By: E&P Staff
Many conservative pundits applauded President Bush’s commutation of “Scooter” Libby’s 30-month prison sentence. Some of them declared it didn’t go far enough — and the man deserved a full pardon. But Ron Dreher, the well-known conservative columnist for the Dallas Morning News, disagrees.
Writing on his “Crunchy Con” blog at Beliefnet.com, Dreher contributes a post titled, “Consistency? Wuzzat?.”
Here is an excerpt.
From “A Charge to Keep,” Bush’s 1999 campaign biography, on commuting the sentences or pardoning:
“I don’t believe my role is to replace the verdict of a jury with my own unless there are new facts or evidence of which a jury was unaware, or evidence that the trial was somehow unfair.”
President Bush, yesterday:
“I respect the jury?s verdict. But I have concluded that the prison sentence given to Mr. Libby is excessive. Therefore, I am commuting the portion of Mr. Libby?s sentence that required him to spend thirty months in prison.”
OK, so it’s not technically replacing a jury’s verdict, but that’s a distinction without much of a difference here. Does Bush think the trial was “somehow unfair”? Or is he simply a hypocrite?
If only Scooter Libby had lied under oath about sex, or in service to a Democratic president, we would have been compelled to outrage by a high government official’s perjury! Yes?
From today’s NYTimes story about the commutation, these quotes from and about Patrick Fitzgerald:
?In this case an experienced federal judge considered extensive argument from the parties and then imposed a sentence consistent with the applicable laws,? Mr. Fitzgerald said in a statement. ?It is fundamental to the rule of law that all citizens stand before the bar of justice as equals.?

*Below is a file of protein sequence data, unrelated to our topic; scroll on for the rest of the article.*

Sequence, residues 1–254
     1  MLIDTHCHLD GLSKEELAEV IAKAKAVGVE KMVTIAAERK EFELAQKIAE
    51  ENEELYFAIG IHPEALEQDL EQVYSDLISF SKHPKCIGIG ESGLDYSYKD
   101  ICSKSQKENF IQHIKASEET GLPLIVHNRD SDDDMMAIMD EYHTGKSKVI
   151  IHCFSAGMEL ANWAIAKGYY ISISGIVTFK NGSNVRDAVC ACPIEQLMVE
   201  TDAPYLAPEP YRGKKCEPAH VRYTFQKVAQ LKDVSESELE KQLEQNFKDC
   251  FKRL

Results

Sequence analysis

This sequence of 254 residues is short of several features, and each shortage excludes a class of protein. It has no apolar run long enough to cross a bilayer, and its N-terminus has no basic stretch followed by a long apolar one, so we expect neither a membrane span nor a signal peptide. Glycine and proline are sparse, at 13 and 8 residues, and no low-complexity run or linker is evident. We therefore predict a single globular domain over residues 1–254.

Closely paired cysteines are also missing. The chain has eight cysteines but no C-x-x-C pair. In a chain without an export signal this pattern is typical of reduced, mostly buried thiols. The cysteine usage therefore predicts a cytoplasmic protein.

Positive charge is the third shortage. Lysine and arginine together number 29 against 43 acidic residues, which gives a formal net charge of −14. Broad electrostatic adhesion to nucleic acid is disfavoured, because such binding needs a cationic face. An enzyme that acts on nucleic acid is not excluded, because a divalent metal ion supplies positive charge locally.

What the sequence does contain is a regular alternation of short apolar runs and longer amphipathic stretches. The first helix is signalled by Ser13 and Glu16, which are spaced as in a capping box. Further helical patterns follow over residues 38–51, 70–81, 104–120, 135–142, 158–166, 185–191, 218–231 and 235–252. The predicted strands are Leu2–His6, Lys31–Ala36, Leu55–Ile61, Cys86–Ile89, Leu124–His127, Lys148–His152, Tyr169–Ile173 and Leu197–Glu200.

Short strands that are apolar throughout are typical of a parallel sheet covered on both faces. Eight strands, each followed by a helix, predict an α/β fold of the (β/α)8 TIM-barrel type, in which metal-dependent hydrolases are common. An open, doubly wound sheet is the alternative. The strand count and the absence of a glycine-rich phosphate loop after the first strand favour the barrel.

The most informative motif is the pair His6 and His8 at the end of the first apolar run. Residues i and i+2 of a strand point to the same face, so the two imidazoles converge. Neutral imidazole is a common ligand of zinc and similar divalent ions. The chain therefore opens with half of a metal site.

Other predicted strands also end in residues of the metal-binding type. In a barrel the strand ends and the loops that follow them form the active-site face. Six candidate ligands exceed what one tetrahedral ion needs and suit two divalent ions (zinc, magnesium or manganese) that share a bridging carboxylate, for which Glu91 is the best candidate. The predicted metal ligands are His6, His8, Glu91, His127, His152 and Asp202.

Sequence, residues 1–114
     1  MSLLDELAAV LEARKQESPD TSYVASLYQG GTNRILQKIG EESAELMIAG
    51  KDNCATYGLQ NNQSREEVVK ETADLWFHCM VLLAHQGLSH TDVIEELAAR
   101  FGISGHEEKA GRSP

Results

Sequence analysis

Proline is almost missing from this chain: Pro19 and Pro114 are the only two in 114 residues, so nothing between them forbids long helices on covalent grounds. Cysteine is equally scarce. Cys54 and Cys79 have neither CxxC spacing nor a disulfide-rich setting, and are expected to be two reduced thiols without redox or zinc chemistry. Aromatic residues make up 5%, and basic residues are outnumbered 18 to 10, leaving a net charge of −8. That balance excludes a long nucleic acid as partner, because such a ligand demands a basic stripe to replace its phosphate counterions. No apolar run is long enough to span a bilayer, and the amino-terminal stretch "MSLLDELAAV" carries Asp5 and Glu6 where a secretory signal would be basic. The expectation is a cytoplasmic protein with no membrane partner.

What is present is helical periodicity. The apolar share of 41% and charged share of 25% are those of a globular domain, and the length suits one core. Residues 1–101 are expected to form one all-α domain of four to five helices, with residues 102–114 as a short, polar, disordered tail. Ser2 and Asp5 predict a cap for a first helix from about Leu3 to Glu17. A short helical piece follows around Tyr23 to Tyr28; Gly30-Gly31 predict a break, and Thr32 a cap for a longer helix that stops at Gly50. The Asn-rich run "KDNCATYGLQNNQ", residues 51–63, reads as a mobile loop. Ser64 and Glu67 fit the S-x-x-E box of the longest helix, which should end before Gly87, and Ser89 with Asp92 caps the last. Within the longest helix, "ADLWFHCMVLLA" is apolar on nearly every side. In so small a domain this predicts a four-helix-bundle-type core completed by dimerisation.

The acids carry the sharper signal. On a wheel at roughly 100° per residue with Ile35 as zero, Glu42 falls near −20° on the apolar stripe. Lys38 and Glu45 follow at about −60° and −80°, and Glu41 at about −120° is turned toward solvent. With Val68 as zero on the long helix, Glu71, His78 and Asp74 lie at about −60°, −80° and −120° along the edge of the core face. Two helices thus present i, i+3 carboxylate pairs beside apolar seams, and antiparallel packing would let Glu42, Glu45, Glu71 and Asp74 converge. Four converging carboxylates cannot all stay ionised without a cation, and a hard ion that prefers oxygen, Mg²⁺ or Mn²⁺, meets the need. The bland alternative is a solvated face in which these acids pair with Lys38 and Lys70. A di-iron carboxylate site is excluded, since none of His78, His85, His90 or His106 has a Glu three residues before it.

…In pursuing criminal charges, Mr. Fitzgerald, the United States attorney for Chicago, said Mr. Libby had subverted the justice system by lying to investigators. In urging a strong sentence in May, Mr. Fitzgerald called Mr. Libby ?a high-ranking government official whose falsehoods were central to issues in a significant criminal investigation.?
I agree with Fitzgerald. I concede that it is possible that this prosecution ought not to have gone forward. But it did go forward, and Scooter Libby, in the judgment of the jury, deliberately lied under oath in an effort to obstruct justice. Perjury is always wrong, and deserving of punishment. But it is especially wrong when committed by a high-ranking government official.
This is why I supported, and do support, the Clinton impeachment. And this is why I believe that Bush letting Libby off with a lighter sentence is corrosive and cynicism-producing: the president has said that lies under oath under these circumstances don’t really matter. Once again, we see that President Bush doesn’t really believe that accountability to the law or moral principles applies to his people. As a conservative, I find this dispiriting … but at this point, not the least bit surprising.
We already knew from the Clinton saga that many Democrats did not believe that standards making it a crime to lie under oath should apply to Their Bill. Now we know that many Republicans hold similar views about perjury when their political ox is being gored. I find it hard to believe that America, and the national character, is made stronger by this bipartisan moral relativism in high places.